By: Bojan Zivkovic
Traditionally, Pautzke salmon eggs are baited straight onto a hook and ready to fish instantaneously. The jarred eggs have been cooked and cured to perfection, making them stay on the hook for a good amount of casts until you have to re-bait again. However, sometimes I notice the eggs can come off easily, which is expected when finesse fishing single eggs. As much as the presentation looks most natural when the eggs are baited straight onto a hook, I put in a little extra work by using spawn material to tie up the eggs into spawn sacs as if I were steelhead fishing.
Why do I go through this extra effort? Preparing and tying jarred eggs into spawn sacs is a great way to get more casts out of your eggs, which means more time spent in the strike zone. In some rivers that have an abundance of minnows and baitfish, single eggs which have been pierced through the hook can come off easily once these small fish you aren’t targeting start biting. Constant re-baiting, especially warmer waters that have an abundance of these fish, can be a pain.
By tying jarred eggs into different color spawn sacs, you don’t have to pierce the eggs whatsoever when baiting your hook. The spawn meshing not only acts as a protective shell around the eggs, it also comes in different colors. This allows you to tie your eggs according to water clarity of water. For example, you can make it brighter or more natural, amongst other things. Depending on the size of the hook you are using, you can usually bait no more than four jarred eggs on it. Placing these eggs in sacks permits many more eggs used at once, which is great when the fish need a bigger and brighter presentation in off-color water.
The steps to tying spawn sacs are simple. All you need to start tying is;
– spawn meshing, or even spawn scarf (white, chartreuse, pink, orange, peach)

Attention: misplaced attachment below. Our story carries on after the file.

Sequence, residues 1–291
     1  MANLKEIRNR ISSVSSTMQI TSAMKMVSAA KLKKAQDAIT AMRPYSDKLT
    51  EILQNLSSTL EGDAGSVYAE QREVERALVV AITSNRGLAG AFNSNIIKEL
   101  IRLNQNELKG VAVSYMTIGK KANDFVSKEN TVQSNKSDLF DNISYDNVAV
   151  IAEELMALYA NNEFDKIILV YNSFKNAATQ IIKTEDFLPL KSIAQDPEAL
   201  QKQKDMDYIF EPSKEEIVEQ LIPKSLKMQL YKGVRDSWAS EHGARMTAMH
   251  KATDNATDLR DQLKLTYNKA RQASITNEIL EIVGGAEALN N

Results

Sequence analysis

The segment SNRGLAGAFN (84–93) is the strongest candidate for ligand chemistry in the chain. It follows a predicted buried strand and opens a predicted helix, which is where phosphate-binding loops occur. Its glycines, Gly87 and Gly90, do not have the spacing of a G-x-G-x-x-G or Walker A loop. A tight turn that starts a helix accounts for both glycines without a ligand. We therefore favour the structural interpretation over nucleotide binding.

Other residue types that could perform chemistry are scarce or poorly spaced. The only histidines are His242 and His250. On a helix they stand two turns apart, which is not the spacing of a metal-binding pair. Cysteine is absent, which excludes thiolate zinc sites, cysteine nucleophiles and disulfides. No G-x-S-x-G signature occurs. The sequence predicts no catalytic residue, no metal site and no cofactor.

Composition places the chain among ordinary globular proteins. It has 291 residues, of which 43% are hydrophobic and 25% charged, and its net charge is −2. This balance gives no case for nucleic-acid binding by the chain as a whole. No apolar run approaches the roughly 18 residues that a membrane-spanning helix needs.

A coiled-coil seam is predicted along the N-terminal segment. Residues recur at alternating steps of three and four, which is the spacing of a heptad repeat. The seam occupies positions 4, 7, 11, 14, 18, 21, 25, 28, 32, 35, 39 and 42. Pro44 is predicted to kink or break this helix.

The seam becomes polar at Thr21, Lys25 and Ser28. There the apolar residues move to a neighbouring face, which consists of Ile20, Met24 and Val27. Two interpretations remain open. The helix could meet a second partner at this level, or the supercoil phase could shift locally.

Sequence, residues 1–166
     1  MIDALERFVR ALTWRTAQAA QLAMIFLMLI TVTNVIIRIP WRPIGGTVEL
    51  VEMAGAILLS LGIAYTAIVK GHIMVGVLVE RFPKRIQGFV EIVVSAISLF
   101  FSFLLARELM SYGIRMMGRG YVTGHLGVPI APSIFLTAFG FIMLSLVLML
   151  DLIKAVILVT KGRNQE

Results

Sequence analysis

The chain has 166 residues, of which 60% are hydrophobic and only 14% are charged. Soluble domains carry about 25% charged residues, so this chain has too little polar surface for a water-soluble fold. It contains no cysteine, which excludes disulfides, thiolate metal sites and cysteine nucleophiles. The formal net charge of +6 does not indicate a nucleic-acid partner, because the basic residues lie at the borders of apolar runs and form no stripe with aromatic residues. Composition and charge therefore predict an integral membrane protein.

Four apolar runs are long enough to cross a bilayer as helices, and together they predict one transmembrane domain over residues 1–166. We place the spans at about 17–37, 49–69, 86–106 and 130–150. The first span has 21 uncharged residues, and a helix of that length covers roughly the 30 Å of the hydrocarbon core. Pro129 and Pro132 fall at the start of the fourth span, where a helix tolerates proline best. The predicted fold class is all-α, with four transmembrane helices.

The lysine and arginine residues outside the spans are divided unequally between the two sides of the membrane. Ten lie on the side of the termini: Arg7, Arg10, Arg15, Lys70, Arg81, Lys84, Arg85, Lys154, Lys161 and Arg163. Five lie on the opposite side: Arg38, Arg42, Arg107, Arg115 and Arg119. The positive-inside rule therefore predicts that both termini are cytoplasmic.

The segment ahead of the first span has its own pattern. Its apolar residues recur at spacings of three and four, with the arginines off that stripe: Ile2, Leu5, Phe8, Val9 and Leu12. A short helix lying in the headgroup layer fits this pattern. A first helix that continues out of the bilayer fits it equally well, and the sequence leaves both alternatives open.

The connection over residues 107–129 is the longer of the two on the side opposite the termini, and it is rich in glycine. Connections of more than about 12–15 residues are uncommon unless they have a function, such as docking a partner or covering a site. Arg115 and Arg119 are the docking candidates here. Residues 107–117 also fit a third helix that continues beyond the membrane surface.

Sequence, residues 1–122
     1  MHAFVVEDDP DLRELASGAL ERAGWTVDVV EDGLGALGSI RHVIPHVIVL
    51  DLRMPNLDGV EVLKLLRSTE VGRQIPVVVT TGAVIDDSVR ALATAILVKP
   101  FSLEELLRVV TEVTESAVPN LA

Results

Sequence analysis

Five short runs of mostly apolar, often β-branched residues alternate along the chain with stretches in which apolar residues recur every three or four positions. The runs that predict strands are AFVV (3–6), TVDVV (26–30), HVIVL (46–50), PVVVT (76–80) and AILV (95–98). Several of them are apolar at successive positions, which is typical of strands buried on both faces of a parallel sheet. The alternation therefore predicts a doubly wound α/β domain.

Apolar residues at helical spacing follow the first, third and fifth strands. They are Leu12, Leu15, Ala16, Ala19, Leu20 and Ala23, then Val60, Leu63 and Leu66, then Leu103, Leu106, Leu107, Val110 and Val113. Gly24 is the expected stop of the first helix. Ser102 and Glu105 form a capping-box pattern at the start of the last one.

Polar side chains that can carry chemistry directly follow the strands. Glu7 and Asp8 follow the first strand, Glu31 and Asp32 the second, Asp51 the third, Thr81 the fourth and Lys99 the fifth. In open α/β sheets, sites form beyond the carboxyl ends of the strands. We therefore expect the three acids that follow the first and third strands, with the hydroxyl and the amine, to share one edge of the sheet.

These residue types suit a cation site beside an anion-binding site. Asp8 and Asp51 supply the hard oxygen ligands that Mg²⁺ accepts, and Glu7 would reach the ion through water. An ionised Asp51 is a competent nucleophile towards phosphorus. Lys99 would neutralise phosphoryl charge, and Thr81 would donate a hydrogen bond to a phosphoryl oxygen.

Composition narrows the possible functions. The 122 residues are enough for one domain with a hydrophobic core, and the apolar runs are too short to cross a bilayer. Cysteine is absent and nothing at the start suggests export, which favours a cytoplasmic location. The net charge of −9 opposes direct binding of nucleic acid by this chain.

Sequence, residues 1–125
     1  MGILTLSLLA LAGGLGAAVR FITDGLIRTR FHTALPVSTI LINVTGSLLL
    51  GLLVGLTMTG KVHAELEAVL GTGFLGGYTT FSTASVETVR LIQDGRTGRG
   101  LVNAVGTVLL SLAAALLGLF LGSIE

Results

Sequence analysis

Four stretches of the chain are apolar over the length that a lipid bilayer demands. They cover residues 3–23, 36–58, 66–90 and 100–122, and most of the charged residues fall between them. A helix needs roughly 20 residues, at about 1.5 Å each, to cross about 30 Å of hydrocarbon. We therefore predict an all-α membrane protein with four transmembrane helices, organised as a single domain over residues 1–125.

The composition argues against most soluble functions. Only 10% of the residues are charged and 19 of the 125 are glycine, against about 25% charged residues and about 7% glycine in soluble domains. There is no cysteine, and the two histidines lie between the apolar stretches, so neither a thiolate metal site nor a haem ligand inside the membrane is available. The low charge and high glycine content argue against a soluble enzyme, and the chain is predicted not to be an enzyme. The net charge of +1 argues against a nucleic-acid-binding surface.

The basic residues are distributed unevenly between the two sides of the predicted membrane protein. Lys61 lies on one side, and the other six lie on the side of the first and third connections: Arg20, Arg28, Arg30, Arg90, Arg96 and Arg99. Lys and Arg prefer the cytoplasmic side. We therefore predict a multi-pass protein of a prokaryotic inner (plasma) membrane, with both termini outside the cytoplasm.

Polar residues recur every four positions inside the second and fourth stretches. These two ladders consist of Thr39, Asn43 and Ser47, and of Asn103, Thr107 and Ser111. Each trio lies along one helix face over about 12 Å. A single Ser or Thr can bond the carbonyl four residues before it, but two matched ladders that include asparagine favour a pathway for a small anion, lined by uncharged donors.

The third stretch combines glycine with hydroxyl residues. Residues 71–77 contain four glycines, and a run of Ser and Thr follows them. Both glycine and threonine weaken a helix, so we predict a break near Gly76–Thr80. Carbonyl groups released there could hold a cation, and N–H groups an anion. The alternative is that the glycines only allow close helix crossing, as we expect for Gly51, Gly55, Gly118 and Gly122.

– spider thread or sewing elastic thread
– Gold/Silver/Green Label/Premium, Yellow Jackets, Orange Deluxe eggs
– Styrofoam balls to keep jarred eggs afloat
– scissors and a container for your Pautzke jarred egg spawn sacs
The Simple Step By Step:
1. Lay out a square piece of spawn mesh (your color of choice) on the surface you’ll be using to tie your jarred egg spawn sacs on
2. Place the desired amount of Pautzke jarred eggs you want for your spawn sac (if you want to keep your eggs afloat off bottom, you can add a few Styrofoam balls depending on the size of the sac you want)
3. Bring all four corners of the mesh together. Then tighten the mesh just above your clump of jarred eggs so the meshing hugs the eggs securely.
4. Take your spider thread/sewing elastic thread and give the meshing 10 (or more) tight wraps relatively flush against the top of your meshed eggs. Then snap off the remaining thread (remember to be somewhat gentle or you’ll pop some eggs).
5. Trim the leftover material above the spider thread/sewing elastic.
6. Repeat the first five steps until you have the desired amount of spawn sacs pre-tied for your next day on the water.
The spawn meshing simply does not allow your bait to come off the hook easily. In fact, the spawn mesh material itself sticks to the fishes teeth, making them hold onto your bait that much longer after striking your jarred egg spawn sacs. As much as it takes some time tying jarred eggs (or Fire Bait) into spawn sacs, it’s definitely worth every second on the water. With eggs tied in sacks missed fish-strikes usually hand me back my full offering, and it saves me a good 30 seconds before I put my bait back out in the strike zone again.
If you have not given this method of preparing Pautzke salmon eggs a try, I suggest you get your hands on some spawn tying materials and give it a shot! I can guarantee you will get more use out of your jarred eggs this way and it will increase your chances of putting more fish on the bank successfully.